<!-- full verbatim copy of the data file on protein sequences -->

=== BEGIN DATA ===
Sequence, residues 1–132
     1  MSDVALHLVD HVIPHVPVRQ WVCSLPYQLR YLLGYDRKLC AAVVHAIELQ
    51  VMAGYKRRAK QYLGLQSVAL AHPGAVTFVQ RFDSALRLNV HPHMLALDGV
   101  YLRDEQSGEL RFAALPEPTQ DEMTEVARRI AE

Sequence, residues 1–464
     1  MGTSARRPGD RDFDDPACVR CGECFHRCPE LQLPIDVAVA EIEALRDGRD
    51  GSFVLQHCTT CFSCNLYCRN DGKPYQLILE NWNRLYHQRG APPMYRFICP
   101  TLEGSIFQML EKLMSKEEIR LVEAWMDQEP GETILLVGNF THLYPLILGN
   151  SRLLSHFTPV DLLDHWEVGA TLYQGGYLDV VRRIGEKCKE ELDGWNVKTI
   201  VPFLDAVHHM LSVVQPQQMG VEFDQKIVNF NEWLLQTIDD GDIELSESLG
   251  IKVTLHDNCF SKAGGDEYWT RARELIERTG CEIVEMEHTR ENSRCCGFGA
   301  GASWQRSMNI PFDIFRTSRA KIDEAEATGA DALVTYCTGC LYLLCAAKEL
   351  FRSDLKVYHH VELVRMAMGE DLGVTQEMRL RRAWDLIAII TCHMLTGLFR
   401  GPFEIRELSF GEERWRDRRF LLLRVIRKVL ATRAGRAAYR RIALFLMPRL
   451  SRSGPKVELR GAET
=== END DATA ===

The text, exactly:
Sequence, residues 1–132
     1  MSDVALHLVD HVIPHVPVRQ WVCSLPYQLR YLLGYDRKLC AAVVHAIELQ
    51  VMAGYKRRAK QYLGLQSVAL AHPGAVTFVQ RFDSALRLNV HPHMLALDGV
   101  YLRDEQSGEL RFAALPEPTQ DEMTEVARRI AE

Sequence, residues 1–464
     1  MGTSARRPGD RDFDDPACVR CGECFHRCPE LQLPIDVAVA EIEALRDGRD
    51  GSFVLQHCTT CFSCNLYCRN DGKPYQLILE NWNRLYHQRG APPMYRFICP
   101  TLEGSIFQML EKLMSKEEIR LVEAWMDQEP GETILLVGNF THLYPLILGN
   151  SRLLSHFTPV DLLDHWEVGA TLYQGGYLDV VRRIGEKCKE ELDGWNVKTI
   201  VPFLDAVHHM LSVVQPQQMG VEFDQKIVNF NEWLLQTIDD GDIELSESLG
   251  IKVTLHDNCF SKAGGDEYWT RARELIERTG CEIVEMEHTR ENSRCCGFGA
   301  GASWQRSMNI PFDIFRTSRA KIDEAEATGA DALVTYCTGC LYLLCAAKEL
   351  FRSDLKVYHH VELVRMAMGE DLGVTQEMRL RRAWDLIAII TCHMLTGLFR
   401  GPFEIRELSF GEERWRDRRF LLLRVIRKVL ATRAGRAAYR RIALFLMPRL
   451  SRSGPKVELR GAET